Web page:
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Fixed or Variable

5 Feb 2017 9:49 PM -

Fixed or Variable

It’s been headline news for some time, Australian bond markets have been sold off in recent months increasing the yield (interest rates) at the back end of the yield curve (3 – 10 years).  This means the swap curve where banks benchmark their fixed rate pricing has gone up as well.

Below is a snap shot of where our 10-year government bonds are trading (circa 2.80%) from a low of circa 1.82% in August 2016.  That is a full 1.00% increase in 5 months.  Wow!



Taking into consideration that Economics is the only field in which two people can share a Nobel Prize for saying the opposite thing, there is plenty of heated argument as to why the yields are going up, it’s continuation to go up, or it bouncing off 3.00% and begin to fall again.

This paper is not about direction, but about motivation.


To Fix or Float

There are 4 main drivers that can decipher your decision-making process.  Let’s go through each one briefly.

  1. The Gambler:  Too often consideration is taken on speculating that interest rates are going to continue to go up or down.  An emotional response to this is acting on sentiment rather than economic rationality.  If motivation to hedge interest rates on your thoughts that interest rates have bottomed and are on the way up for good, then rethink your philosophy on hedging.  Your motivations, albeit with good intentions, may not be aligned with your business requirements (refer to point d).  Look at 2008 when bonds hit 4.00%.  A reaction (and most likely when bond rates bounced to 4.5%) that gamblers predicted the bottom and locked in, missing the next 2.80% fall in rates.
     
  2. The Fearful:  Fear of missing the bottom of the cycle and the fear of interest rates going up.  Fear is a very powerful motivation and it is difficult to separate this emotional response to economic reality.  After all it is a primal instinct for self-preservation.  Smell your fear, then lock it in a sealed box.
     
  3. The Risk Taker:  On the flip side, borrowers may let it all run on the premise that rates may fall further even though their business may be extremely sensitive to interest rate movements and gross margin profit (or loss).  The risk taker can take a skewed position on markets that may not be all too favourable when rates move against the play.  Save your risk play over a game of 500, it is much safer.
     
  4. The Rational Centurion: This is where a borrower needs to be.  Completely independent from the emotional drivers and strapped into the decision-making chair of economic rationale.  Here decisions are made on the following questions been logically answered;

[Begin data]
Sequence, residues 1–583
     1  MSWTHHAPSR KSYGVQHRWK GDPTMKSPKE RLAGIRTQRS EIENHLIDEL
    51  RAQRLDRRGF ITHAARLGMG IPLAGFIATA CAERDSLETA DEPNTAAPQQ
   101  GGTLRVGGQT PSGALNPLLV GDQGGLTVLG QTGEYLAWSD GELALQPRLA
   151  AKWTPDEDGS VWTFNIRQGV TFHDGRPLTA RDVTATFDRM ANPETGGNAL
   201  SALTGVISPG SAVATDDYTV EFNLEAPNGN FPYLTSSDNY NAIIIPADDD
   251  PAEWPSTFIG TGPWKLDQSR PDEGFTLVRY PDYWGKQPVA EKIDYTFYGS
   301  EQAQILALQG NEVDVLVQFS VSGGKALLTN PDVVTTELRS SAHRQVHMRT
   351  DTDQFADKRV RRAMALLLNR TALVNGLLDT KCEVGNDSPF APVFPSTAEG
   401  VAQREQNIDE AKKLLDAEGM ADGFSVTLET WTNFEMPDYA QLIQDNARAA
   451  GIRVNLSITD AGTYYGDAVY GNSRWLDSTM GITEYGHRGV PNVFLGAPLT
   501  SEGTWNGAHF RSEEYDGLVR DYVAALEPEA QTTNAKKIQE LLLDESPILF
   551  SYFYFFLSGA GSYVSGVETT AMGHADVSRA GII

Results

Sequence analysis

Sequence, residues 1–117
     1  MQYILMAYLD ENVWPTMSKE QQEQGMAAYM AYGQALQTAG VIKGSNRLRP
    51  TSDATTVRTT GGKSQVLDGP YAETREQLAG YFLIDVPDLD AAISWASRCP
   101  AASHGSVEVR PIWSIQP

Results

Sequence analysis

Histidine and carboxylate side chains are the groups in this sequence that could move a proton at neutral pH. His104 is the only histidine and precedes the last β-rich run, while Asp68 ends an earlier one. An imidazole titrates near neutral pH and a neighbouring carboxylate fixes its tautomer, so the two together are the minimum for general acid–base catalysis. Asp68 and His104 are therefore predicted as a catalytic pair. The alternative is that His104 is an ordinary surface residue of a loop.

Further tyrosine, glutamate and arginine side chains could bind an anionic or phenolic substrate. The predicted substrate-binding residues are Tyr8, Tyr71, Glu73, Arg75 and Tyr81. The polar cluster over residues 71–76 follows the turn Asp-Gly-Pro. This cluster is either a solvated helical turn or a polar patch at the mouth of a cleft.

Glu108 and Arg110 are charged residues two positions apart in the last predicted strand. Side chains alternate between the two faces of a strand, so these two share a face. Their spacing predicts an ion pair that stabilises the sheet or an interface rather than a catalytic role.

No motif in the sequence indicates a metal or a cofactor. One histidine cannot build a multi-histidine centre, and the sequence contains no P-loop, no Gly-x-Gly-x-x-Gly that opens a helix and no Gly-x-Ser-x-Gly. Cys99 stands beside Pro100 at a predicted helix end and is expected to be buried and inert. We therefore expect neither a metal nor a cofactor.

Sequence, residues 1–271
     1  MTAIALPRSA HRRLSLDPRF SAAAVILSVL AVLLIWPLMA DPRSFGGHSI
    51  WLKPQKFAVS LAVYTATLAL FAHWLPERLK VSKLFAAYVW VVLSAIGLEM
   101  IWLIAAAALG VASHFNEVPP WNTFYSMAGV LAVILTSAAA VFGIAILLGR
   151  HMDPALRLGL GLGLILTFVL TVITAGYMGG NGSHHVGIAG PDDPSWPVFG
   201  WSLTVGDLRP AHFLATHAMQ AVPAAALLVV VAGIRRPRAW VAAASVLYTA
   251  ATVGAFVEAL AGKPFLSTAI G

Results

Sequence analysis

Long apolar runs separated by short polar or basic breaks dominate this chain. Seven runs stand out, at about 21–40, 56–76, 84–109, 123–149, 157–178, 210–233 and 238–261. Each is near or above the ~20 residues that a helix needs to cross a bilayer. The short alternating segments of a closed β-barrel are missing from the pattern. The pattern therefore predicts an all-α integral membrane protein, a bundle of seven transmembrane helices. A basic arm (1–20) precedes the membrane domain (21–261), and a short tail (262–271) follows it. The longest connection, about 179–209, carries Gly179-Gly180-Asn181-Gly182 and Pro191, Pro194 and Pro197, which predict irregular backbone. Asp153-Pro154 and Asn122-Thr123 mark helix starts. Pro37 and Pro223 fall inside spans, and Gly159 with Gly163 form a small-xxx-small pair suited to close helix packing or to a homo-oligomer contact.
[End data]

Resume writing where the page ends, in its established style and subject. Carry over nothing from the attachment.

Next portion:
• What are my future capital requirements and movements over the next 3 – 5 years (the period where hedging takes place).  Is there a need to hedge when debt reduction is planned?

  • What percentage of this capital requires flexibility to ensure capital mobility can be deployed without incurring substantial break fees?

  • What is the real sensitivity of my business to interest rates?  Can the predicted cash flow handle an increase in rates (with regards to the banking covenants and policy ratios)?   

  • What premium in interest rates am I willing to pay on day one with a hedge to remove a percentage of this?  Calculate the economics (refer to my example below).

  • Does my business have a natural hedge to interest rates (ie assets that appreciate with inflation and / or increased profits are expected in an economy that is picking up speed).

 

The Economics of Hedging:

This is best played out with an example.

On a $5,000,000 borrowing, the following rates are provided to a borrower;


Variable rate :  4.25%

(benchmarked against 90 day BBSY)

3 year fixed rate: 5 .25%

5 year fixed rate : 5.85%


If the borrower decides to hedge $1.5m for 3 years and $1.5m for 5 years, the borrower is paying a weighted average premium of 1.30% for $3,000,000 from day 1 over the first 3 years

In simple terms that is around 5 RBA rate rises before the hedge breaks even.  But remember the business has paid a premium leading to this point.  Therefore, the rates must continue rising 5 more times (now 10 in total) over the same amount of time it took to hit break even before the business breaks even in the premium paid. 

Obviously multiple scenarios can be modelled out quite easily, but it demonstrates that the economics run deeper when applied to probability over a specific time frame.  Noting that in the end, the hedge will expire at some point and the business is back to the variable environment.  So, whatever the interest rates are at this point of maturity, can the business handle high interest rates at all? 

It then comes back to the first 4 points under 4). The Rational Centurion.

This is a heavy topic, and we hope this blog has triggered some deeper thought.  We are most willing to discuss these points in more detail with you if it strikes some curiosity and relevance to your business.